Body size is often the focus of athletic performance, which often conflicts with those trying seeking to improve their body image. Here are 7 mindset tips to help.
If case you haven’t heard, there’s a new health paradigm and body-positive movement that’s sweeping through our media and culture. And at the core of it is the Health At Every Size (HAES) paradigm that focuses on weight inclusivity, health enhancement, respectful care, eating for well-being, and life-enhancing movement.
The HAES approach puts the focus back on behaviors, not on weight. It means that a smaller body size does not automatically mean better health, just like a larger body size does not automatically mean poor health.
It shares the message that health can be achieved at any body size if there is appropriate access and if desired. It goes beyond just food and exercise by centering important social justice issues, including socioeconomic access, honoring the healing power of social connections, and is grounded in a social justice framework. It is not healthy at every size, but rather health at every size — because size is not what actually matters.
This is in stark contrast to what you hear in the athletic world.
Body size is a major focus in almost every sport and is practically a “requirement”, emphasizing an “optimal” weight and lean body mass as prerequisites for athletic success. For athletes recovering from dieting, an eating disorder, or just wanting to take the best care of their body, this often leaves them with a conflict.
On one hand, they know that adequate fueling, recovery, and respecting their body is crucial to athletic success, yet their sport tells them they still need to control their body size and they are left confused about what they should do.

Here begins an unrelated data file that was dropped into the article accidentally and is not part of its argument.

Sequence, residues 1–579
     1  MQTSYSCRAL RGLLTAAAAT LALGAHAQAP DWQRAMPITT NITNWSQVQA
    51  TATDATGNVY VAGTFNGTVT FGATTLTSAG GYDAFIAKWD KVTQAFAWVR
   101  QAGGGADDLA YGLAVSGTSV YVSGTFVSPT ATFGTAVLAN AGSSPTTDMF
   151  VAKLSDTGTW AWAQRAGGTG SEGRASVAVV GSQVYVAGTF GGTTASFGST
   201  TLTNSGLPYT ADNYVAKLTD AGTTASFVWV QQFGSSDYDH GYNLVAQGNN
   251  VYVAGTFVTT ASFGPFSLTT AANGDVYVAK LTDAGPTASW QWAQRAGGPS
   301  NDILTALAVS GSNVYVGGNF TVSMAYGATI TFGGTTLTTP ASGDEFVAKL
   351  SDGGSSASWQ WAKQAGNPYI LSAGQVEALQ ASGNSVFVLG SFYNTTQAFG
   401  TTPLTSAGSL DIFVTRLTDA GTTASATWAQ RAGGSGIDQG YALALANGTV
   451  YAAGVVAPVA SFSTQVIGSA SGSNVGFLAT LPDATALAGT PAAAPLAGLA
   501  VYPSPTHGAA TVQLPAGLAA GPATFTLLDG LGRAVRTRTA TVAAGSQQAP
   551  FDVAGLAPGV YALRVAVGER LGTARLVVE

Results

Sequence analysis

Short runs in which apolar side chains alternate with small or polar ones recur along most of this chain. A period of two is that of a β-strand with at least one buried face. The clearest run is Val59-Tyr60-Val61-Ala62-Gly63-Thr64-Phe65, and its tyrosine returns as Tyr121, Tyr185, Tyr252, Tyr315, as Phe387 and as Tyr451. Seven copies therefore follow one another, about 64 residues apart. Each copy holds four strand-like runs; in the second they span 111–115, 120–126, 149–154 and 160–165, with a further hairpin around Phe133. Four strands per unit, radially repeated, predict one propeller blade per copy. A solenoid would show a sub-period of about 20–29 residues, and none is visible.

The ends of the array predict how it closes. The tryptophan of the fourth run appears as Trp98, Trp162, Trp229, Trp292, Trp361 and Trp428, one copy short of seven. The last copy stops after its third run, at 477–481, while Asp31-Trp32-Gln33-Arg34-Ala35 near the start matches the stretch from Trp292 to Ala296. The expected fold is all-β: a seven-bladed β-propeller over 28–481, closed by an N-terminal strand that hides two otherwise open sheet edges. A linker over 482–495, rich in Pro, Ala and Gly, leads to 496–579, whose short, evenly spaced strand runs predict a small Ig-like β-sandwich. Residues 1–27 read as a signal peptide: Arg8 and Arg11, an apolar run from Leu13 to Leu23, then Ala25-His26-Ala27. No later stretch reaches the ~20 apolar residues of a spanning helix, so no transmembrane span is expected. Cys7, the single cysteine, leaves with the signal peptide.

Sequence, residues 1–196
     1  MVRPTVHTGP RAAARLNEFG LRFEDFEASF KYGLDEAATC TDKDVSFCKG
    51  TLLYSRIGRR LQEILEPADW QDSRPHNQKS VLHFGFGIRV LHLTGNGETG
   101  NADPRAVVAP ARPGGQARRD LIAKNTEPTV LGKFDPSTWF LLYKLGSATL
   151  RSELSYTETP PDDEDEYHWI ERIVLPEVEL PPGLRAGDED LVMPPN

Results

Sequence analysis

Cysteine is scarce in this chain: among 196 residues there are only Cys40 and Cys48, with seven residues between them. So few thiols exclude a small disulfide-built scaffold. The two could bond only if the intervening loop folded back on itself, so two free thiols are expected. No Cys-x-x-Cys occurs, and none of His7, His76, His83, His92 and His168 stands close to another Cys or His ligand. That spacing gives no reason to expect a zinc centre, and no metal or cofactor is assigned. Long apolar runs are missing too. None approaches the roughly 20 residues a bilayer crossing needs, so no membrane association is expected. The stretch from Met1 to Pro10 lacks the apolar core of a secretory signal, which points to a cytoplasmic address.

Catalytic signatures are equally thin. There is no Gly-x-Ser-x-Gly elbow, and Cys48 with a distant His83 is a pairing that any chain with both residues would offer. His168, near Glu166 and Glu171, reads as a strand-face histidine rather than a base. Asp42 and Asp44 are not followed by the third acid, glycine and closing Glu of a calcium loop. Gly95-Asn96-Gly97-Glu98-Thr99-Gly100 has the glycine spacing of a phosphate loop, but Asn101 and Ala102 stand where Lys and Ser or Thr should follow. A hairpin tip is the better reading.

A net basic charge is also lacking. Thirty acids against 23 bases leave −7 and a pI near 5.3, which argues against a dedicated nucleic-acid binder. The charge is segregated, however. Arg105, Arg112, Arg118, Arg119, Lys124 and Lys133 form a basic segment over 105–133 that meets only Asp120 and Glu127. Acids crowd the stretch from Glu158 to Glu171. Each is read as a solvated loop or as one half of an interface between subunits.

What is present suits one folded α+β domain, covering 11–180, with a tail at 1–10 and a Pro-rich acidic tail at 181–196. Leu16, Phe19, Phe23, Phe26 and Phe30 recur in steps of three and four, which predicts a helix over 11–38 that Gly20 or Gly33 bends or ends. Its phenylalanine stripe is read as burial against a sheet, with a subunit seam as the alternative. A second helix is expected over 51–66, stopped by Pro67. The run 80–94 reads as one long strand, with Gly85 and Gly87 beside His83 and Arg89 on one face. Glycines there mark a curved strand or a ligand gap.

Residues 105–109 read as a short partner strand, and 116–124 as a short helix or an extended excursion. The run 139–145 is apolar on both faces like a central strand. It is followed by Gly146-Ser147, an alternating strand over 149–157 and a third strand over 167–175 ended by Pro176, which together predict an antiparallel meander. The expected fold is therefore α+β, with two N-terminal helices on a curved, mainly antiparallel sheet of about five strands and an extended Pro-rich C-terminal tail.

It’s obviously unrealistic to forget their environment, put the blinders on, and completely ignore all weight-related pressures. But rather than blindly follow the toxic, weight-focused culture, it’s important for athletes to develop the skills and the knowledge to process the external dialogue. If you’re an athlete in eating disorder or disordered eating recovery, here are the areas to focus on.
When you follow your meal plan, you can transition to intuitive eating and allow your body size to settle where it wants to be. However, it might not be where you want it to be, or where your sport wants you to be. Your body is the one in control.
If this is where it feels it will function and perform the best, then acceptance is an essential component to start trusting that your body knows what it is doing.
Your eating disorder may try to control you, but it does not have to anymore. Have patience and compassion with yourself as you navigate living in your body.
As a survivor, eating disorder recovery requires bravery and courage. When it feels hard, remember to have the courage to let your body do its thing.
4. HOLDING SPACE
Our culture likes to tell you to forget, shove down, and ignore your feelings. That is not productive or effective. Hold space for your feelings – let yourself to really feel it.
Body changes are not bad! Although our culture tells us that all weight gain is ‘bad’, it is a shameful and ill-informed way to view body changes. Weight gain might be exactly what your body needs to function and perform at its best. Approach body changes with curiosity, not judgment or shame. It may be the best thing for you.
6. VALUES EXPLORATION
What is it that you value? What does diet culture tell you to value? Separate the two out, and aim to live more in line with your values, not something else’s.
Get back in touch with your body. When you are so used to tearing it down, you haven’t actually taken the time to learn from it. Adding some mindfulness into your life can help you become your body’s ally, not an enemy.
Remember, you can move past the culture that hinders you from fully engaging in your sport,
And in life.
Adapted from the original post.
HEADER IMAGE: JACOB LUND
Megan Medrano, RD, LD is a registered dietitian and nutrition therapist in private practice at Run Whole Nutrition in Lexington, KY. In her practice, she helps people from all walks of life, including competitive athletes, cultivate a peaceful and joyful relationship with food through a weight-inclusive approach. Learn more at Run Whole Nutrition.